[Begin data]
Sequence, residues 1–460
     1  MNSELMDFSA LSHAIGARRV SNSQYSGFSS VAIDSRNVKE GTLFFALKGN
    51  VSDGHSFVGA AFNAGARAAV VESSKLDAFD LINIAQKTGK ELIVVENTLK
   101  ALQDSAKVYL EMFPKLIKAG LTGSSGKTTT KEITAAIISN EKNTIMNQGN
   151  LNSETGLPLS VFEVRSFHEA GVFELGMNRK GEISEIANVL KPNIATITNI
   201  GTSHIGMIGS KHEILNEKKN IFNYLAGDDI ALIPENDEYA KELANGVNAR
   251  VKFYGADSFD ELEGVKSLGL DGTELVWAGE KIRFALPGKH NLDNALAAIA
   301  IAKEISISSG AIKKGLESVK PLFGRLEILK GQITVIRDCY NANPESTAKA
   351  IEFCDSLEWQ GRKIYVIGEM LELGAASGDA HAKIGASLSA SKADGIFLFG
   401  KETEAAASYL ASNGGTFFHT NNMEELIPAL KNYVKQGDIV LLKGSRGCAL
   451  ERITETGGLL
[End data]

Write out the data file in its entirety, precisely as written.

Sequence, residues 1–460
     1  MNSELMDFSA LSHAIGARRV SNSQYSGFSS VAIDSRNVKE GTLFFALKGN
    51  VSDGHSFVGA AFNAGARAAV VESSKLDAFD LINIAQKTGK ELIVVENTLK
   101  ALQDSAKVYL EMFPKLIKAG LTGSSGKTTT KEITAAIISN EKNTIMNQGN
   151  LNSETGLPLS VFEVRSFHEA GVFELGMNRK GEISEIANVL KPNIATITNI
   201  GTSHIGMIGS KHEILNEKKN IFNYLAGDDI ALIPENDEYA KELANGVNAR
   251  VKFYGADSFD ELEGVKSLGL DGTELVWAGE KIRFALPGKH NLDNALAAIA
   301  IAKEISISSG AIKKGLESVK PLFGRLEILK GQITVIRDCY NANPESTAKA
   351  IEFCDSLEWQ GRKIYVIGEM LELGAASGDA HAKIGASLSA SKADGIFLFG
   401  KETEAAASYL ASNGGTFFHT NNMEELIPAL KNYVKQGDIV LLKGSRGCAL
   451  ERITETGGLL